The Midnight/Shot offers one key feature--infrared photos and videos--that you won't find on your average point-and-shoot, or even your average DSLR
By Dan Bracaglia and Dan Nosowitz
Posted 08.12.2011 at 12:28 pm 4 Comments
This may sound like a high-school science lesson, but to understand how the Midnight/Shot IR camera takes its eerie and beautiful shots, you must first understand what exactly infrared light is. Stay with us. (Please.) Because that understanding is key to appreciating that this little $150 camera can take photos most $3,000 DSLRs can't.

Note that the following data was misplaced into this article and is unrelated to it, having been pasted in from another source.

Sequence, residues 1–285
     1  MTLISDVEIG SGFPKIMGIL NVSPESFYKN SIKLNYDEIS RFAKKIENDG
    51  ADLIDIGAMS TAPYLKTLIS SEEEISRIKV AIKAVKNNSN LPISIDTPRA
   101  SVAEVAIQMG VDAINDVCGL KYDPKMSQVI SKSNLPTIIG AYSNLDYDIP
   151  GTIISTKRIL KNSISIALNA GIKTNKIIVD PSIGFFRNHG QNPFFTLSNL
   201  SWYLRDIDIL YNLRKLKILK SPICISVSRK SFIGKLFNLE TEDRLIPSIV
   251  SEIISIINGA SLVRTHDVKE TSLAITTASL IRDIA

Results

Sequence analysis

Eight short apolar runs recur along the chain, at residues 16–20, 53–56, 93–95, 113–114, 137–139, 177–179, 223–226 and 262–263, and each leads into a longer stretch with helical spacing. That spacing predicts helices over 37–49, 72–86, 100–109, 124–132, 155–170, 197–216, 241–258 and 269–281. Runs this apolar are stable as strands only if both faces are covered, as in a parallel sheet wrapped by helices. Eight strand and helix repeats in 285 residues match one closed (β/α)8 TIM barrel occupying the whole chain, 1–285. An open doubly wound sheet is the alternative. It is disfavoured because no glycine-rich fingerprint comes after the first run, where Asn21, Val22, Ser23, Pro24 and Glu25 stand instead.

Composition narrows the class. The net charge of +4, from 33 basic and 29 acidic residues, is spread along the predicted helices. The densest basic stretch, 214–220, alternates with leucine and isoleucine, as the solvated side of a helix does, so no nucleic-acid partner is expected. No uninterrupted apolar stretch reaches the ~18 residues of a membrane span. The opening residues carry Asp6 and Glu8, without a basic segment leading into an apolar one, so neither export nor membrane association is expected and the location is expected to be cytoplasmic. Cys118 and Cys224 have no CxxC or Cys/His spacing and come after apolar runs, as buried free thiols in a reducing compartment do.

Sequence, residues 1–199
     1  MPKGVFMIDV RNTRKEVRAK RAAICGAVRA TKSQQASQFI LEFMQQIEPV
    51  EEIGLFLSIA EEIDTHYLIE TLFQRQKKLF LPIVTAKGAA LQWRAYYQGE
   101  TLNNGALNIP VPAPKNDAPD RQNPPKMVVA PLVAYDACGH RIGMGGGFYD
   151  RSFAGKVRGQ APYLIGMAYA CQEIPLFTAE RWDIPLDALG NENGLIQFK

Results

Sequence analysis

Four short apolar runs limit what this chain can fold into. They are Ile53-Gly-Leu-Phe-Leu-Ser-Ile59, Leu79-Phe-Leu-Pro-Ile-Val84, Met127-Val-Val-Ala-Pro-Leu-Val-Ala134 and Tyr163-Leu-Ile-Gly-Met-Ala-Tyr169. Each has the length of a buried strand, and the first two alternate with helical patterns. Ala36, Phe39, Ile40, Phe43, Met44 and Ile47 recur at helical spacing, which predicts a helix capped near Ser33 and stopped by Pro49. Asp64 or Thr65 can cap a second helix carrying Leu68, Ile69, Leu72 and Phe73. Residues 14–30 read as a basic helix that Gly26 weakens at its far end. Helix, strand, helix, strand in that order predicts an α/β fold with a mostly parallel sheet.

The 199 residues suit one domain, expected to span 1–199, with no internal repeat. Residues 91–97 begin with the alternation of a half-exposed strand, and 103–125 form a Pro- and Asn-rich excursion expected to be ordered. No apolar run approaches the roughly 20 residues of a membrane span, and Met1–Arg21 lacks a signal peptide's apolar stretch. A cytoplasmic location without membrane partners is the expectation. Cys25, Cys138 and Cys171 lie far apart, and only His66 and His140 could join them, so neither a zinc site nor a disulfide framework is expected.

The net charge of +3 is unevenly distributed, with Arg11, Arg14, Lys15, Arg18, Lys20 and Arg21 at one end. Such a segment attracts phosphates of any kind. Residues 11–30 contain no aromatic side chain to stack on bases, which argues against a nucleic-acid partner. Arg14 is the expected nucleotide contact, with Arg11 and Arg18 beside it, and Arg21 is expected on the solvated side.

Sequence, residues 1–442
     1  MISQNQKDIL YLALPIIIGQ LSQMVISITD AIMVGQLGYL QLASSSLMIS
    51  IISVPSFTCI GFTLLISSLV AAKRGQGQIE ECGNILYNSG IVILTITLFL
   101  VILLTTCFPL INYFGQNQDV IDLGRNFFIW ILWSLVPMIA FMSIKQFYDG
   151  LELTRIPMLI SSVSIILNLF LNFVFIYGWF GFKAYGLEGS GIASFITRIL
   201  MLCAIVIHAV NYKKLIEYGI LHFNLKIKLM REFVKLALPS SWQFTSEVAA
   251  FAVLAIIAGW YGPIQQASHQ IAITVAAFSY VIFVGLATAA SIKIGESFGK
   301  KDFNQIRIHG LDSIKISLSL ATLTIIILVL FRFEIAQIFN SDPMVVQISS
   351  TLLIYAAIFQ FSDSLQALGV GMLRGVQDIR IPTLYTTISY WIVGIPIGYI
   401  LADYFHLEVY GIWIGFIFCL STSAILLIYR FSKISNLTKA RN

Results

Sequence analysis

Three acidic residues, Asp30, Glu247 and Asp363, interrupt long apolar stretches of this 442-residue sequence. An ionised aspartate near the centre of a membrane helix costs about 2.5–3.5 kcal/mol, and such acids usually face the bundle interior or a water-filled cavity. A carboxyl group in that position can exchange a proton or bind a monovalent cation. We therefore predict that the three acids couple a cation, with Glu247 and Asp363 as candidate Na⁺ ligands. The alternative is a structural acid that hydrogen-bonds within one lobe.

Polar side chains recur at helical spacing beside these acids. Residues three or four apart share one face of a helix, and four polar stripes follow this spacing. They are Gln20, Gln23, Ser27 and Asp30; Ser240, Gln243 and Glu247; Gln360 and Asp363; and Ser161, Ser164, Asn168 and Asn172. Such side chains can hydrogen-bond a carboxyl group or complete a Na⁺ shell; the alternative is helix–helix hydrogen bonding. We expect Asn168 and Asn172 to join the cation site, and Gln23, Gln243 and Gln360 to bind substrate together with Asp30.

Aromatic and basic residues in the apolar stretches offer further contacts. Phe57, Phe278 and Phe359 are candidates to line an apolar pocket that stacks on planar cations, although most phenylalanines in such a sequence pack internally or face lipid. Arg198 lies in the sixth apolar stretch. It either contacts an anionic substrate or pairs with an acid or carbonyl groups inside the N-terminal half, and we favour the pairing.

A new type of hydrogen fuel cell uses bacteria to provide variable buoyancy, allowing an autonomous ocean sensor to surface and dive with ease. Rather than harvesting electricity from microbial metabolism, the system harvests the metabolic byproducts themselves. Read: gas.
The Naval Research Laboratory is calling the device a Zero Power Ballast Control, because it doesn’t require using any fuel source to move up and down in the water column.
Five amazing, clean technologies that will set us free, in this month's energy-focused issue. Also: how to build a better bomb detector, the robotic toys that are raising your children, a human catapult, the world's smallest arcade, and much more.